“McEwan is one of our great poets of childhood’s traumatic collision with the disillusioning world of adults” – Corey Beasley in ‘A Womb with a View’
Ian McEwan’s critically acclaimed metafictional novel Atonement follows the life of protagonist, Briony Tallis and her attempt to atone for a crime she commits as a teenager in 1935. Briony’s early realisation, at the age of 13, that all human relationships – even those of matrimony – are controlled by power, gives the novel a unique twist as we are forced to questions the narrators reliability.
Throughout the novel we see Briony’s struggle to achieve power in different circumstances be it in the importance of her writing, or being the bearer of others secrets. Although the majority of the novel is seen through the eyes of this adolescent we also see from the point of view of Robbie Turner, the maid’s educated son and lover of Cecilia Tallis, the older sister of Briony. The book replicates the styles of Northanger Abbey by Jane Austen, and Rebecca by Daphne Du Maurier, in the way it utilises the symbol of the ‘baronial-Gothic’ mansion with a false façade. It is this metaphor which we can see reflected in many of its residents.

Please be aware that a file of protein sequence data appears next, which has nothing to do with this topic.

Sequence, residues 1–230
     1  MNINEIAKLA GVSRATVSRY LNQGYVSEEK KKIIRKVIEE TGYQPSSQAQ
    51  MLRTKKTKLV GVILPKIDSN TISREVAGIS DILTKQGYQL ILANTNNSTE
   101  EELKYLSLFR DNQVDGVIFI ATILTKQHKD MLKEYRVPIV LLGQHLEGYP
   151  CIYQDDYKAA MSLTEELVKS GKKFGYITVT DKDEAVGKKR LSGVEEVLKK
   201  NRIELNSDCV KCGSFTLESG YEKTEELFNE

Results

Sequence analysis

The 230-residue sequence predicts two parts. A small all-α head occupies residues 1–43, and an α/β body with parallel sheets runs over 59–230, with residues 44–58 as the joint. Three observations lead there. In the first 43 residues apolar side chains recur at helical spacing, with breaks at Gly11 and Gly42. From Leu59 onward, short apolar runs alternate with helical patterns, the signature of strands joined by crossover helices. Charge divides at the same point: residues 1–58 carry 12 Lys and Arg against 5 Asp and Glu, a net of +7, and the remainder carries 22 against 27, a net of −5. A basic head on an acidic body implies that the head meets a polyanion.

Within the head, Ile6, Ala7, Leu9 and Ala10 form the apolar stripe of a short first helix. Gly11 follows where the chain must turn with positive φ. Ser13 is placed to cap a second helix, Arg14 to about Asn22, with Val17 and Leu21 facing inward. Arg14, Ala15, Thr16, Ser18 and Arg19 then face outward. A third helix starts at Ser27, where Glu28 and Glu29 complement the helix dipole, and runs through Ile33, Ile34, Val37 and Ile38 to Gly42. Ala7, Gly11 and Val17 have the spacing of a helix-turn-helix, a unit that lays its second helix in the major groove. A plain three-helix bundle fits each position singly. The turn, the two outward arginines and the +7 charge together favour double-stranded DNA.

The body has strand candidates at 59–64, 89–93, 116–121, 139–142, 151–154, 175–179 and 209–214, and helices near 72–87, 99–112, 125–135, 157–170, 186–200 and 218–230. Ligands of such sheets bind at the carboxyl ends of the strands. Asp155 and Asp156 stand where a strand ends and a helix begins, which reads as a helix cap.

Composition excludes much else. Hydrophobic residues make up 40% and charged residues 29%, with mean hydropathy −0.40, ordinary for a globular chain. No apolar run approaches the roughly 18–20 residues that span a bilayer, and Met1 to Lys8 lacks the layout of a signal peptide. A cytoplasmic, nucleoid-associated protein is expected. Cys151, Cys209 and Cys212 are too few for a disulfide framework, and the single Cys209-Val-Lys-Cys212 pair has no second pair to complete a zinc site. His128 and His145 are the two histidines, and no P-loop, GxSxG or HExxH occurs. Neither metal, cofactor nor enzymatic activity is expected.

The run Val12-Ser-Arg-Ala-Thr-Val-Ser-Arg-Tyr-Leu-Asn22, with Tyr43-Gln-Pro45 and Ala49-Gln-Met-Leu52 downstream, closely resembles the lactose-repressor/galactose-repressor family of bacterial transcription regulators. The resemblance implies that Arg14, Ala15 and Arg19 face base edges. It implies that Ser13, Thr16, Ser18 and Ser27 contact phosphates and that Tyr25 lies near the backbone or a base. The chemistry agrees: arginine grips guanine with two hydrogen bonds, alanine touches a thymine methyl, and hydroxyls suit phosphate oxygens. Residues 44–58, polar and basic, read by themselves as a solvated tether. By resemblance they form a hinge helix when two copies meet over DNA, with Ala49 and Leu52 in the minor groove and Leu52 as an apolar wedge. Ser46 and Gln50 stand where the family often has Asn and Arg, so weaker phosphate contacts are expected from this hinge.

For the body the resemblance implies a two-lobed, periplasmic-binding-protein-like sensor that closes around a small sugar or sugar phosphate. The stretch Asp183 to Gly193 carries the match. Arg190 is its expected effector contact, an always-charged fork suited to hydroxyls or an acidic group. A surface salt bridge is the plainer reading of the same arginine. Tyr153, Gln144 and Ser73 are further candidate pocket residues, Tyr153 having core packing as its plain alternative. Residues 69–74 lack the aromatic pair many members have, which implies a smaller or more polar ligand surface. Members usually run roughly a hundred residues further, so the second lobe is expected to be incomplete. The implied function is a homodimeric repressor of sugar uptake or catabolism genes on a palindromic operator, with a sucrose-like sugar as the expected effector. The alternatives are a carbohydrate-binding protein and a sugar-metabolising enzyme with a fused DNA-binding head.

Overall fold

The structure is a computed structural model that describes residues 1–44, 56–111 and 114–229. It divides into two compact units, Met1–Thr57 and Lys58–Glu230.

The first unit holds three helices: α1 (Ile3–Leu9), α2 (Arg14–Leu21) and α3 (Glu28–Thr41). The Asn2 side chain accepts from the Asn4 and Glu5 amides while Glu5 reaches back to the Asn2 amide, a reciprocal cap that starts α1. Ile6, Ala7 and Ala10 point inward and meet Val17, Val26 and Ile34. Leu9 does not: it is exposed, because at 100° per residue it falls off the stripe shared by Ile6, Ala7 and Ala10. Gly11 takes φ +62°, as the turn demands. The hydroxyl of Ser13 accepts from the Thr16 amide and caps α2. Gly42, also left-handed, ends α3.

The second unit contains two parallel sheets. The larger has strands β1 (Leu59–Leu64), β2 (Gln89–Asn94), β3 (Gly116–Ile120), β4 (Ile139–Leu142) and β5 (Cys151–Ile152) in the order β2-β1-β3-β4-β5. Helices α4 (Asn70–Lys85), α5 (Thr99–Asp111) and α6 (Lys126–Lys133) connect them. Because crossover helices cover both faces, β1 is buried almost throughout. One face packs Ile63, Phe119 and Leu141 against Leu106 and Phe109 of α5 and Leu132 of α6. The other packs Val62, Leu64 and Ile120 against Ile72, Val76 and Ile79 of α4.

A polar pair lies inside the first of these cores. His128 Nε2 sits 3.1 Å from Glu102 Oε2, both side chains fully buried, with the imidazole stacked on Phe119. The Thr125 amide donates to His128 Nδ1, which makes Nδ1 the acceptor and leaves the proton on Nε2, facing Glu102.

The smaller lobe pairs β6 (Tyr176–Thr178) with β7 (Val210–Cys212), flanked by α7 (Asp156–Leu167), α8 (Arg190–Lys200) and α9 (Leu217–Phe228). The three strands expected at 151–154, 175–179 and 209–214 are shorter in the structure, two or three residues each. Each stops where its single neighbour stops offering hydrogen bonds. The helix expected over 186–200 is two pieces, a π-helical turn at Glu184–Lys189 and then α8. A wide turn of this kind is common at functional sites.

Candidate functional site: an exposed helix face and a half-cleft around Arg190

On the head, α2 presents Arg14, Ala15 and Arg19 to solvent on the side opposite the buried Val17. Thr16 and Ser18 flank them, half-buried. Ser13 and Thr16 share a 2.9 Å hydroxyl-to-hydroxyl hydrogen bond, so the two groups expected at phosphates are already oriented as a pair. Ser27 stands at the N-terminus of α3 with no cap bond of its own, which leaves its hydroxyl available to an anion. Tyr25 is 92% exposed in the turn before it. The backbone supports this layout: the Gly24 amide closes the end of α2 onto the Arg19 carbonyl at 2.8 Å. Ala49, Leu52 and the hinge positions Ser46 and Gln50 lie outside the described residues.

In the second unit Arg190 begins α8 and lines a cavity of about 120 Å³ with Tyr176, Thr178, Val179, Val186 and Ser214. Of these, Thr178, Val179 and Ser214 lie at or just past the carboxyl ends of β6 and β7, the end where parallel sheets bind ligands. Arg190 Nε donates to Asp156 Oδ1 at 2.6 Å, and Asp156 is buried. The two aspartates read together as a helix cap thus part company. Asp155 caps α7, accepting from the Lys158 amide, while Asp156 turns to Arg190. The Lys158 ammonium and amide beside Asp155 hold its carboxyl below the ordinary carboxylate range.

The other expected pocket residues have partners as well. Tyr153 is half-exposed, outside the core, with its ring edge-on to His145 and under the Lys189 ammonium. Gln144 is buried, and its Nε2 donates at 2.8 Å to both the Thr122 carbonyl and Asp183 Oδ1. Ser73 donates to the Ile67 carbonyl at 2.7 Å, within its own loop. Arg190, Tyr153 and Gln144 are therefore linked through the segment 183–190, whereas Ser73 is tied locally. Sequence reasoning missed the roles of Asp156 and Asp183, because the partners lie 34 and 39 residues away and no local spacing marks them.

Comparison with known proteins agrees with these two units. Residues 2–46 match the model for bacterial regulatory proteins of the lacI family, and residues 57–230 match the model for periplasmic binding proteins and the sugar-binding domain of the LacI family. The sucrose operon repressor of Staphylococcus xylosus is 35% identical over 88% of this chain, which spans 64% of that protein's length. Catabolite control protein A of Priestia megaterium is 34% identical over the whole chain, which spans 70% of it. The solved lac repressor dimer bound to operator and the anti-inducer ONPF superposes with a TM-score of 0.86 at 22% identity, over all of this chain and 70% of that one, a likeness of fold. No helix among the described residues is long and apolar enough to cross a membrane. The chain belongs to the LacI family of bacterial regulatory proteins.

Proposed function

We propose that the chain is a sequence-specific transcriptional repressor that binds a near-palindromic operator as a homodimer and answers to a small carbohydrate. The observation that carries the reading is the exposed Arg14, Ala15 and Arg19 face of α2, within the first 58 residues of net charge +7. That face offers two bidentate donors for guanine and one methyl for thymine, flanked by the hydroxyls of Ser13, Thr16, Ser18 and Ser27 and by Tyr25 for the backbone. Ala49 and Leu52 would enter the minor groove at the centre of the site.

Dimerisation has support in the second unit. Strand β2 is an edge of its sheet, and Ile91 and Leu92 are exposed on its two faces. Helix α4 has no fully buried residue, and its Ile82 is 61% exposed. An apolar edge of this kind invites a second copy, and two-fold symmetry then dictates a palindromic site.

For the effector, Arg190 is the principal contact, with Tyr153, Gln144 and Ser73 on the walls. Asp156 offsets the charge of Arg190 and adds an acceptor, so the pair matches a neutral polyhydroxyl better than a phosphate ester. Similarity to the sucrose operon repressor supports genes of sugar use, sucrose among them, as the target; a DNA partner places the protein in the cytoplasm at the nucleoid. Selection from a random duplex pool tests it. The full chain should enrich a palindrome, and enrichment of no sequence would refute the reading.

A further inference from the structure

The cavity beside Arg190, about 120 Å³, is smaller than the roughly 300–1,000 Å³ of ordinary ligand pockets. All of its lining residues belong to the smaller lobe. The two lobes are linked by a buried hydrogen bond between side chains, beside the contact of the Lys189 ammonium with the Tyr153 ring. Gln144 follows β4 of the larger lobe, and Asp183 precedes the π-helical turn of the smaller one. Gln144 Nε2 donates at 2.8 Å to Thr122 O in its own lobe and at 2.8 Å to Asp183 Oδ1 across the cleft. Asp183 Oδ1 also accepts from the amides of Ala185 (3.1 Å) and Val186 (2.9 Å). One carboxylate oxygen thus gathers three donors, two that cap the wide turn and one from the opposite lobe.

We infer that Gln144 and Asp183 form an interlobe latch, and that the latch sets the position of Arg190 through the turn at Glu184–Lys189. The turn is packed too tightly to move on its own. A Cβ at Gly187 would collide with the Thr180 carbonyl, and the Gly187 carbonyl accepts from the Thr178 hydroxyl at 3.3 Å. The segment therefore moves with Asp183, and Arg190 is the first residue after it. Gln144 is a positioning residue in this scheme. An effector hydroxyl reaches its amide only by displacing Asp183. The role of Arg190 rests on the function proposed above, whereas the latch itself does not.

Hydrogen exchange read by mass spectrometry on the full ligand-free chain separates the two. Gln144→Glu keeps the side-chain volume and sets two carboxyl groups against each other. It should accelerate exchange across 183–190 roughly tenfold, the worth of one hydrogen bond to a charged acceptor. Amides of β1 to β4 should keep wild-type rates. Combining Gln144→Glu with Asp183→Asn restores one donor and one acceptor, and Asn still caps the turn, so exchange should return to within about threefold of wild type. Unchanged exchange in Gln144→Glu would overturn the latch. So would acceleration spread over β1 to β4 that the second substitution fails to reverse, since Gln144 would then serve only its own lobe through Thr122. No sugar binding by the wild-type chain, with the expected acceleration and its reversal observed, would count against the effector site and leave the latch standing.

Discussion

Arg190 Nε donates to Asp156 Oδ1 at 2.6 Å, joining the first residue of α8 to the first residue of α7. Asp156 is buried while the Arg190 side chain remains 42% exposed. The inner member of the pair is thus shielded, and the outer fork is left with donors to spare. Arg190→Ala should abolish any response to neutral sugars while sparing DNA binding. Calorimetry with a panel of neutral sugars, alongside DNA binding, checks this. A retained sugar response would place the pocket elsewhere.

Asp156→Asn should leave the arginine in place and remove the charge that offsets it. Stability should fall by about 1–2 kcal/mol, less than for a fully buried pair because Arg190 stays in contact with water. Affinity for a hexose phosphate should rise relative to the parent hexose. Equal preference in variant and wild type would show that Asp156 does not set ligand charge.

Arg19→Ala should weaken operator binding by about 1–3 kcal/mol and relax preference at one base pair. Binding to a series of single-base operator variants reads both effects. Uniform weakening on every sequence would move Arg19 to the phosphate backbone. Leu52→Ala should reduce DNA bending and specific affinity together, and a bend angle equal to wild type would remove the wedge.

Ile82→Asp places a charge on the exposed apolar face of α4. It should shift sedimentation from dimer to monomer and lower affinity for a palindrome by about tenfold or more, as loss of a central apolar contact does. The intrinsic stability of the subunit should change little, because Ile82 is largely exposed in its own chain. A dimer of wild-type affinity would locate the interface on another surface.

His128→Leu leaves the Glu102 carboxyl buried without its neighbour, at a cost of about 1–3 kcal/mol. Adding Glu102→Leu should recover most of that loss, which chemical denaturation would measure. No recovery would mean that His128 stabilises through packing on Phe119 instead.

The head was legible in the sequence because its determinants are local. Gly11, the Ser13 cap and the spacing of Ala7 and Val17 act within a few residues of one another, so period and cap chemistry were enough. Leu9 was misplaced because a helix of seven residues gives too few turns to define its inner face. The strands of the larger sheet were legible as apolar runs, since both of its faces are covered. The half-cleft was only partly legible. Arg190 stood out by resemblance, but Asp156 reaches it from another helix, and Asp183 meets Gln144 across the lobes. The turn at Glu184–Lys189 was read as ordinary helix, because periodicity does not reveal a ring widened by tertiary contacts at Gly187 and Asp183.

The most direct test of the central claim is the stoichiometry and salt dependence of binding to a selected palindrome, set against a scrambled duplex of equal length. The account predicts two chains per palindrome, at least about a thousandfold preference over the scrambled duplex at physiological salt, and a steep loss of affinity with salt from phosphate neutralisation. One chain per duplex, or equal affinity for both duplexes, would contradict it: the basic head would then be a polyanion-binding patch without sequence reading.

One critical review by Laura Salisbury, in ‘Narration and neurology: Ian McEwan’s mother tongue’, describes that “For McEwan, ﬁction-making in all these cases becomes a form of kindness, something that afﬁrms the reality of human bonds against the authentically sublime indifference of cerebral matter and a material ﬁnitude in which personality and memory are ﬁnally swallowed up…”
Personally, when reading the book I found that McEwan overcomplicated aspects of it, and I disliked the excessive descriptions of ephemeral objects. Although I criticise it on the description of tangible things, McEwan’s style of describing the profound and consequential emotions of the characters is displayed subtly and entices the reader to carry on.
By Clara Shapero